5. And returning to the traditional granting of the motion for a John Doe summons, it is true that the district court has granted the application in most reported cases. But what we don't know is those times the IRS sought a John Doe summons and, upon meeting resistance from the district court judge in the ex parte application, decided that the better part of wisdom was to withdraw the application.


  1. Jack,
    The 50K reporting limit makes sense as I believe that is the same amount that ties into the new FATCA regulations. Also when you look at IRM FBAR Mitigation guidelines, 50K is where they start really spelling out penalty guidance although they do specify guidance for under 50K as well.
    I think it kind of gives some indication as to what IRS thinks is a Big Fish. In OVDI 75K made you a Big Fish based on the penalty application. Clearly it does not take a huge account to generate the potential for painfull penalties. Maybe IRS is planning to kill the FBAR report and work off of the FATCA regulations in the future. It would certainly get rid of the collection hastles that face IRS in collecting disputed FBAR penalties.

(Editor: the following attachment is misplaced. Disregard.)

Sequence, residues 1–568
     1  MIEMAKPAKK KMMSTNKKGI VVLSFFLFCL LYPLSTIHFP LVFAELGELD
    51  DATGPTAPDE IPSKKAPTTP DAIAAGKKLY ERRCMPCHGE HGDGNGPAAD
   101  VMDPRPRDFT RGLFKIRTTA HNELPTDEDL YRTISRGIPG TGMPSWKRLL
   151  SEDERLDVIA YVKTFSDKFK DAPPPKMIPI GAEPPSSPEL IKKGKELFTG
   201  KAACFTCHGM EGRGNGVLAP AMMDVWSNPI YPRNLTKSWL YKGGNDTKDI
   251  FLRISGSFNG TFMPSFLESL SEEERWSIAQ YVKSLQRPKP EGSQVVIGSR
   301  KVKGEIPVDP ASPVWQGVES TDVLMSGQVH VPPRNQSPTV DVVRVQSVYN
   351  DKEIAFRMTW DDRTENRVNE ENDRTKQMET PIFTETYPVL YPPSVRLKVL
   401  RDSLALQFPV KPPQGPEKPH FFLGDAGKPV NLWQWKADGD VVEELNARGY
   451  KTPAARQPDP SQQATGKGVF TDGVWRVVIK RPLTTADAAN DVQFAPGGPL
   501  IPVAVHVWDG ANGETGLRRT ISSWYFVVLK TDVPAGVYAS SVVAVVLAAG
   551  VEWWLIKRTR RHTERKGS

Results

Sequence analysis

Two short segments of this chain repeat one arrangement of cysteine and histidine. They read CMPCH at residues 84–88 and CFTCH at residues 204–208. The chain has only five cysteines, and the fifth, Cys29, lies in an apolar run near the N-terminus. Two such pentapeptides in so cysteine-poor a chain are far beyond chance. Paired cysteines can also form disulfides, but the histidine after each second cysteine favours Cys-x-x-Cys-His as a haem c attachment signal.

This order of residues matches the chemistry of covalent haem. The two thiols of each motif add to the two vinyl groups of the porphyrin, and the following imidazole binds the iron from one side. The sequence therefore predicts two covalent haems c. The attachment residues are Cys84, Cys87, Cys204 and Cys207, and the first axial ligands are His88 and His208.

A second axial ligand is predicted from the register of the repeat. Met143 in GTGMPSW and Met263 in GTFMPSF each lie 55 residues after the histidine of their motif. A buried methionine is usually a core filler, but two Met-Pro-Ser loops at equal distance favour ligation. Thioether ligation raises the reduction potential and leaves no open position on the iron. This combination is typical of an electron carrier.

2. For HSBC India, the summons covered ALL accounts from 2002-2009. Not just the 100K Premier level, not even the 10K FBAR level. Its not clear that the IRS actually obtained all this information or will do something with it, but they had legal authority to obtain this data. In an way it makes sense -- the IRS wants to send the message that even having a small account doesn't mean that you are safe from penalties.